One thing that Meric seems to be forgetting in his alluring hypothesis is that the ocean itself, due to rising acid levels and pollution of all sorts (oil spills, plastic continents etc.) has become almost as inhabitable as the earth… and that a possible repopulation of the ecosystem will most likely take place… on another planet. But for now, no planet visited or studied has shown any signs of “life” in the sense we earthlings understand life and for “intelligence” in the sense that we earthlings understand “intelligence”. So will the solution be to adapt to a milieu that is unsuitable for human life and the a/biotic community that sustains it? Will the solution be the technical adaptation of the human to breathe other gases, to directly metabolize sunlight, and to develop bodies whose bones and sense of orientation can adapt to a different gravity than that of the earth? Such a solution would contradict the “anthropic principle” which considers earth to be the “chosen land” for life. And it would also oppose my own “terrean principle” that sees earth as the common ground for all life on earth, while not excluding the possibility of other life forms existing or emerging on other planets. And here is where our arguments converge. For Meric’s local anthropic principle, despite its human teleology, blurs the boundaries between geological and biological evolution and constitutes a “terrean principle” in its own right since earth forges life “in her own image”. (Here, we could draw alliances with different chtonic myths, of the first humans born from earth.)2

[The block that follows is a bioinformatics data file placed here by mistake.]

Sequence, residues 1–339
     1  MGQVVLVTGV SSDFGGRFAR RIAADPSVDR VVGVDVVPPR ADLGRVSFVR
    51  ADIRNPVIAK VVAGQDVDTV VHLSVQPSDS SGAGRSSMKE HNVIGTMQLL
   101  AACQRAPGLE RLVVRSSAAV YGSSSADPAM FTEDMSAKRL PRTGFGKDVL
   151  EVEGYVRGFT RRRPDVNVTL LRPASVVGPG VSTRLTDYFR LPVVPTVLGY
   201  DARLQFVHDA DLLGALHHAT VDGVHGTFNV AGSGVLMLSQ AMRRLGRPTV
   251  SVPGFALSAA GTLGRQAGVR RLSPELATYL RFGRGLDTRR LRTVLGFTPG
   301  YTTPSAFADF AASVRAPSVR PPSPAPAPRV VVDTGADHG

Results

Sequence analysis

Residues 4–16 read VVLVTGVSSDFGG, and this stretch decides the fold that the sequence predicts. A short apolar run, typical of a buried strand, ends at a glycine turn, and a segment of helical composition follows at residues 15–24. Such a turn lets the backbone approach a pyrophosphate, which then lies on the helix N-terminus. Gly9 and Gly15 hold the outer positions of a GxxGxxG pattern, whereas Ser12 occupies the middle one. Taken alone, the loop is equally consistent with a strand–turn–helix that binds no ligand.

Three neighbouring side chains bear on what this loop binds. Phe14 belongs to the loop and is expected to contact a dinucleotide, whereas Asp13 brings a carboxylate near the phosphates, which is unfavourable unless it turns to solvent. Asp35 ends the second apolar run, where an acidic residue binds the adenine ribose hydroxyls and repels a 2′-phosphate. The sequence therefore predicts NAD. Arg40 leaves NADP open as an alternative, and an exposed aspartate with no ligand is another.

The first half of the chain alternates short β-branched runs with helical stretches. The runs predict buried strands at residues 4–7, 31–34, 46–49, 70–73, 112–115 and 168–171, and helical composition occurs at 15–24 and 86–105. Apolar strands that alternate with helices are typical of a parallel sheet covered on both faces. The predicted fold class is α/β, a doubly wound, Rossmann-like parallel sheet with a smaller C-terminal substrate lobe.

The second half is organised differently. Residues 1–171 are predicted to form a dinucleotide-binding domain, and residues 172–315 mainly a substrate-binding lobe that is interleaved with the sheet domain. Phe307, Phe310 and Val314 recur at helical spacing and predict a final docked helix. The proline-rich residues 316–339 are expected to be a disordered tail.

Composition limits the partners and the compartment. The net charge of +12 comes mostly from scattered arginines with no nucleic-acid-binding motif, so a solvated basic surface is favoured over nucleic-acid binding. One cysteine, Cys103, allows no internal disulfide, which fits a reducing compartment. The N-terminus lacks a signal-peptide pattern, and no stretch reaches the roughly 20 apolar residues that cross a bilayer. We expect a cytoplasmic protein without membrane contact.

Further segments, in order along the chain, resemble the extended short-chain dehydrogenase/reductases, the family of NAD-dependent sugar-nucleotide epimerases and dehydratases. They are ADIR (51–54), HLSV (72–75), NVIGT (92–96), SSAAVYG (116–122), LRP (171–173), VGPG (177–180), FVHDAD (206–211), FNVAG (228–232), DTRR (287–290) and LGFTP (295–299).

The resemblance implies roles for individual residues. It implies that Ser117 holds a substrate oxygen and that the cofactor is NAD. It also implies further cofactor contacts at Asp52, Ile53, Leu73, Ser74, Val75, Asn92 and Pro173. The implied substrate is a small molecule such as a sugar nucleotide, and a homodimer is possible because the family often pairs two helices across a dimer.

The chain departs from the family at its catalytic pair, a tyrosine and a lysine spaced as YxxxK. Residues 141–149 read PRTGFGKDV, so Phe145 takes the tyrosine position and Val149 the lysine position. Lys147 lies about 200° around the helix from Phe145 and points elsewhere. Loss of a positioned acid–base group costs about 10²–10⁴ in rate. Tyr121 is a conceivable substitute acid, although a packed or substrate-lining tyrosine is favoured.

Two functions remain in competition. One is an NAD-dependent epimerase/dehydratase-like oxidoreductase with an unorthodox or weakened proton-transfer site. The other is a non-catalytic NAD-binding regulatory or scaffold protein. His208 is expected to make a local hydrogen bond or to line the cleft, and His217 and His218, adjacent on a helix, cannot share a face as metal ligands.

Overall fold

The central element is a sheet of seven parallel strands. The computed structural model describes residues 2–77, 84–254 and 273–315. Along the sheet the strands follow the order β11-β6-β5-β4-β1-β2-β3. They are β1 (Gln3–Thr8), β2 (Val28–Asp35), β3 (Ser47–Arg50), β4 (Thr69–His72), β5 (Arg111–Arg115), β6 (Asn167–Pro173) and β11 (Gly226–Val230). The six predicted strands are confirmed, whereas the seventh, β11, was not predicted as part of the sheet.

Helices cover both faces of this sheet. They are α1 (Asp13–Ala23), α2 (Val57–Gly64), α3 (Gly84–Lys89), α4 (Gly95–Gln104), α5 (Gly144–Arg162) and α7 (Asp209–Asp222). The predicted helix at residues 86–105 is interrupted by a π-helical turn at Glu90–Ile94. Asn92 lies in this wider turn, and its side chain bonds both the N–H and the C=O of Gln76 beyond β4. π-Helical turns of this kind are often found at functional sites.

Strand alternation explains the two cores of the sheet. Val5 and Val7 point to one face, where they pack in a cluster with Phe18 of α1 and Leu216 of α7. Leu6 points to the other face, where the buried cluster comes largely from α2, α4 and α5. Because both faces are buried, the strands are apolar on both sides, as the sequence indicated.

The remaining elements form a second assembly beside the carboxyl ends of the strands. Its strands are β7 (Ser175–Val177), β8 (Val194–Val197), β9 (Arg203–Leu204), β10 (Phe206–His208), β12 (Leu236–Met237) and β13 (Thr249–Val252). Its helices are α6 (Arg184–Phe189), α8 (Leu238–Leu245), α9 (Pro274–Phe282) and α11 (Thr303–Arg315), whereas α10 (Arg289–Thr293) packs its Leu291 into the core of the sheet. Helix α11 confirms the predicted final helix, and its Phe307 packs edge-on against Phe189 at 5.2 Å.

For me, personally, the perspective of my offspring becoming dolphins holds much more charm that that of them living in a simulated biosphere on Mars, entirely dependent on technology to ensure their vital needs for oxygen, nutrients, sunlight, gravity, not to speak about shelter, locomotion, comfort, community – even if that very technology had become fused with the human form. In any case, the energy and materials needed for human life on Mars would be mined from Mars itself, thus continuing the extractive and predatory relation that we’ve already practiced ad nauseam on and towards earth. As Ray Bradbury imagined in the 1950s already, in The Martian Chronicles,3 tin cans thoughtlessly thrown away by pioneers landing on Mars marked the beginning of the end…
1 Teilhard de Chardin, Collected Works, Vol. II (L’Apparition de l’Hommme, Paris, Seuil, 1956) The Appearance of Man (New York: Harper, 1965; 1959).
2 Mircea Eliade, The Forge and the Crucible (Chicago, Chicago University Press, 1957). Originally published in French as Forgerons et alchimistes (Paris: Flammarion, 1956).
3 Ray Bradbury, The Martian Chronicles (New York: Doubleday & Company, 1950).
Featured image: Crop of composite photograph shot by Curiosity land rover, Color Variations on Mount Sharp, Mars (White Balanced), November 10, 2016. Image credit: NASA/JPL-Caltech/MSSS. Source: http://photojournal.jpl.nasa.gov/catalog/PIA21256. Public domain.